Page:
So, we now know that the Miami Heat will get the chance to experience springtime in Milwaukee. Except for the fact that springtime in Milwaukee typically lasts about two days. Then winter returns. Then summer magically appears out of the blue.
And there’s no telling from year to year whether those two days will be in April, May or June.
True story: While covering the Eastern Conference finals in 2001, it was May 31 and the Bucks had just finished practice and were preparing to play Philadelphia in Game 6 of the Eastern Conference finals. Ray Allen gave an interview to myself and Doug Smith of the Toronto Star saying the outcome of the series had already been pre-determined by the NBA, which wanted to see Allen Iverson in the finals.
Yes, Allen said the series was fixed — and this was one day before Game 6 was going to be played. Then then went out and had nine 3-pointers as the Bucks forced a Game 7, which they lost in Philly.
Realizing that Allen was dropping a bombshell (and coach George Karl was going there, too) and perhaps speaking without thinking, Smitty and myself gave him a chance to temper his comments by asking a few follow-up questions in which we asserted the seriousness of his allegation. But Allen would not back down — “It’s all about BRI (basketball related income)” and having MVP Allen Iverson in the finals, Allen said – and so I filed my story to the AP desk in New York, stepped outside to get to my rental car and walked through a freezing rain.
It was so cold, you could see your breath.
On May 31.
So James should not expect an abundance of warmth to greet him and his teammates when they travel to Milwaukee for Games 3 and 4 of their first-round sweep. James will know where to get the best steak in America (he was tipped off to a place in Dahmer’s old neighborhood) and he will be able to indulge in frozen custard, which is what Milwaukeeans eat instead if ice cream, and with good reason. If he likes beer, the smart thing for him to do would be to find a place that serves Schlitz, which has gone back to its original formula.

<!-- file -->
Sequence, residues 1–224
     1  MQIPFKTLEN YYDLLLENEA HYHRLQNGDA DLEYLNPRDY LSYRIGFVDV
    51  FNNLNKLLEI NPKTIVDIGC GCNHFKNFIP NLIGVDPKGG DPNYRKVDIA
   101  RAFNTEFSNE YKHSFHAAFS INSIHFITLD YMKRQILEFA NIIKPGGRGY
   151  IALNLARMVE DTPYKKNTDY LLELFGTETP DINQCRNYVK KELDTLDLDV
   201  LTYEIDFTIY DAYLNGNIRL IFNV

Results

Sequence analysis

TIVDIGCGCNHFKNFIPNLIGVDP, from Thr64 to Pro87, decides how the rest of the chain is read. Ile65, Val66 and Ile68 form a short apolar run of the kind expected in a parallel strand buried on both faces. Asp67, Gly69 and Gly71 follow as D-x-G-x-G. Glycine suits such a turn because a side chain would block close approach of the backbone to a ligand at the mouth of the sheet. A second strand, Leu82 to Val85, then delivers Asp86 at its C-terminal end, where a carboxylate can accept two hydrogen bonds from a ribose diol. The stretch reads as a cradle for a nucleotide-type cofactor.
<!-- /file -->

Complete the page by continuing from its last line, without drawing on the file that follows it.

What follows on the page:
But what he will not know throughout the first round, and which he won’t get a feel for, is whether he will have become the unanimous winner of the MVP award. The NBA keeps those results a closely guarded secret, and it would not be unprecedented for a lone wolf voter to put him in the No. 2 spot (see last week’s rankings for the story of how Chris Paul received 125 of 126 first-place votes for Rookie of the Year).
But he is going to get the award, and what little suspense remains concerns who will finish second behind him.
I will cast my ballot at the conclusion of Wednesday night’s games (and here’s hoping that the No. 8 spot will be on the line in the Lakers-Rockets and Grizzlies-Jazz games), and I will have LeBron in the top spot.
For spots 2 through 5, I remain uncommitted — but these rankings give a clear indication of which way I am leaning with four days left in the season. Check back Thursday for a column on who I voted for in all the NBA postseason awards. Coach of the Year and Sixth Man are the two toughest decisions. Danny Schayes says COY should be Mike Woodson.
For now, here’s how I have the MVP race …